A top state education policymaker got a firsthand look Thursday at classrooms in Roosevelt and Hempstead that are scrambling to meet the needs of unexpected new arrivals from El Salvador, Honduras, Guatemala and other countries.
Chancellor Merryl Tisch of Manhattan, with the help of translators, welcomed students to America and made a pitch for more federal and state cash assistance for districts facing an influx of hundreds of unaccompanied immigrant youngsters.
"America was built on immigration, and we plan to see that is respected," said Tisch, who heads the state's policymaking Board of Regents. "We cannot ask financially strapped school districts -- districts that have cut music and art -- to take this on without help."
Tisch acknowledged, in answer to a reporter's question, that the state has not calculated the extra cost of educating the new arrivals -- more than 2,600 youngsters ages 17 and under in Nassau and Suffolk counties alone, according to federal statistics.
The Regents board is scheduled to recommend a statewide financial-aid package in December and is considering at least a half-dozen other priorities in addition to more money for immigrant students.
Tisch's call for more money focused on the needs of mostly Spanish-speaking students won immediate bipartisan expressions of support. The state Assembly's deputy speaker, Earlene Hooper (D-Hempstead), who accompanied her, endorsed the concept, as did state Sen. John Flanagan (R-East Northport), chairman of the Senate Education Committee.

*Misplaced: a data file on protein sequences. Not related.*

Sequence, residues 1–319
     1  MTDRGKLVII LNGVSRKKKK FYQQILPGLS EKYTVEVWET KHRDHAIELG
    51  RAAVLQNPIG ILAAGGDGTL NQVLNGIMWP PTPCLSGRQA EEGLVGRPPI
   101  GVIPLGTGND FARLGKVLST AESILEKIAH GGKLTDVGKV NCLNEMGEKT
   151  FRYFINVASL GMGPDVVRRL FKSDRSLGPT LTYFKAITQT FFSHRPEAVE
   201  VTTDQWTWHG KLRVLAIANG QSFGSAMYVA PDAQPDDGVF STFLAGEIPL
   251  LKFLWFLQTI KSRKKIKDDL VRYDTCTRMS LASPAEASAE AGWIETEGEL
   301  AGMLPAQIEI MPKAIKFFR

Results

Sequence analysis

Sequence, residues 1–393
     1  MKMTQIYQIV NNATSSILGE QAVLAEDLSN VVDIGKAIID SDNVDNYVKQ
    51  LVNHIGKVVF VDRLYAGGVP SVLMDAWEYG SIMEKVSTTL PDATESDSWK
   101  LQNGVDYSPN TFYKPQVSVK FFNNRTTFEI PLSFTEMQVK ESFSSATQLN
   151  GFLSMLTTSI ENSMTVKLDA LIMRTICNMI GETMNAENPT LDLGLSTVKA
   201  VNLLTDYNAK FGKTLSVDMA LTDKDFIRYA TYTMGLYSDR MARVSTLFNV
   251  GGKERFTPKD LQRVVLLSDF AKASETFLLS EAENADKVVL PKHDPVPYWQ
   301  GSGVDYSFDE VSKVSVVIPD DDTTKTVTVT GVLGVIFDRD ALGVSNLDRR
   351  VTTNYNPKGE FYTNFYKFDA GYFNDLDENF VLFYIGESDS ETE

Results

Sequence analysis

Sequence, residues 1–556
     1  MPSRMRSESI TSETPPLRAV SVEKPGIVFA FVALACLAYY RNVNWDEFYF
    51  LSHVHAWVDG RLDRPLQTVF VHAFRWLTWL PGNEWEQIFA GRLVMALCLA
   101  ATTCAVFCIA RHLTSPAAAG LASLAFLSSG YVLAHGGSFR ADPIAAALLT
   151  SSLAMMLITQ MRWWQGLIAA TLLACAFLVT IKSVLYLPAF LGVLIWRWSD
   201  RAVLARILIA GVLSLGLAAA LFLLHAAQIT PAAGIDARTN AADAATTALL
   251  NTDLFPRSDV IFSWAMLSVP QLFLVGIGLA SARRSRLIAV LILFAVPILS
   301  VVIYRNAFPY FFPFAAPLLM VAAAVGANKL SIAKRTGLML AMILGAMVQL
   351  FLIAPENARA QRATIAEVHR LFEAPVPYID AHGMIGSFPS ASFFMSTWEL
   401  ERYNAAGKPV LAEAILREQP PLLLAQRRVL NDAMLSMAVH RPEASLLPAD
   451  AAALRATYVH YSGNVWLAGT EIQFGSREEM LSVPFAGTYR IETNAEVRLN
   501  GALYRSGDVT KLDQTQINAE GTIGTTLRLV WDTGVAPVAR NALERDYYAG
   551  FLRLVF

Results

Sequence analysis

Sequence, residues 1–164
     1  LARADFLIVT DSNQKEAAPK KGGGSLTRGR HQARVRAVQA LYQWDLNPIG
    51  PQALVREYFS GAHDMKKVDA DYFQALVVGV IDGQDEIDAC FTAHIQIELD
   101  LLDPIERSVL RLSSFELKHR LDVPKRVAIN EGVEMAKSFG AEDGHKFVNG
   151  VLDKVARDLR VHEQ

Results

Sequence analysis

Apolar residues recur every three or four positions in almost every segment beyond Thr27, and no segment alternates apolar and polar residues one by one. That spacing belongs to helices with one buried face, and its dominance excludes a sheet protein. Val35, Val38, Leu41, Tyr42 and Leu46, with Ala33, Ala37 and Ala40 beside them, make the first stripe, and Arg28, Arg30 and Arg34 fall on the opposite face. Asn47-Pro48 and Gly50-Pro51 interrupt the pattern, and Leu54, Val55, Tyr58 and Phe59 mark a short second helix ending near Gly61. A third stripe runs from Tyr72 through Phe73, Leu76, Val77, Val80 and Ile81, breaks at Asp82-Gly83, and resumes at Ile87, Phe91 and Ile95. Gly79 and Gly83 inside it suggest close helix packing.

"What districts face is an onslaught that they couldn't have planned for," said Flanagan, who raised the possibility that more aid may be appropriated in a special session before year's end.
Pressures on local schools that have registered disproportionate numbers of immigrant students were evident in classes visited Thursday.
In some Hempstead classes, teachers who had just been assigned their students on Wednesday were trying to determine the amount of schooling those teens had had in their own countries, and the extent of their English-language skills, if any. Many of the 14- and 15-year-olds at a just-established "transition school" in a district-leased building had previously been turned away by the district.
One teacher, Vanessa Senior, whose 20 students were mostly Honduran, said one boy had told her he hadn't attended school at all until arriving in Hempstead.
"Right now, I'm getting a sense of whether they can read in their own language," Senior said.
Roosevelt enrolled its new immigrants earlier this month -- an effort that Tisch praised. At Washington Rose Elementary School, bilingual classes taught half in Spanish and half in English were well underway.
One second-grade class of 20 was getting a math lesson in Spanish reflecting new Common Core academic standards, which draw heavily on diagrams to illustrate numerical concepts. On the blackboard was the question: "¿Cuales es el numero que muestra el modelo?" or "What is the number that the model demonstrates?"